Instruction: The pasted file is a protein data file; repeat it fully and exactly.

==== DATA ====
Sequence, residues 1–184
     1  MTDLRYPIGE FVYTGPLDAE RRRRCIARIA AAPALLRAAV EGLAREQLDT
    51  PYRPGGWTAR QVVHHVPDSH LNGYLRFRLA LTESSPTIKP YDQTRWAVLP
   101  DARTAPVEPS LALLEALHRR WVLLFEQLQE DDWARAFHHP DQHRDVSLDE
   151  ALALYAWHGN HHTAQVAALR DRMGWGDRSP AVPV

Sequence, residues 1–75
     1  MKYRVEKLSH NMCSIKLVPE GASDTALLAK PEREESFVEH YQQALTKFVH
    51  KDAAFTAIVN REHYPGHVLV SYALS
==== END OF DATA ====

Sequence, residues 1–184
     1  MTDLRYPIGE FVYTGPLDAE RRRRCIARIA AAPALLRAAV EGLAREQLDT
    51  PYRPGGWTAR QVVHHVPDSH LNGYLRFRLA LTESSPTIKP YDQTRWAVLP
   101  DARTAPVEPS LALLEALHRR WVLLFEQLQE DDWARAFHHP DQHRDVSLDE
   151  ALALYAWHGN HHTAQVAALR DRMGWGDRSP AVPV

Sequence, residues 1–75
     1  MKYRVEKLSH NMCSIKLVPE GASDTALLAK PEREESFVEH YQQALTKFVH
    51  KDAAFTAIVN REHYPGHVLV SYALS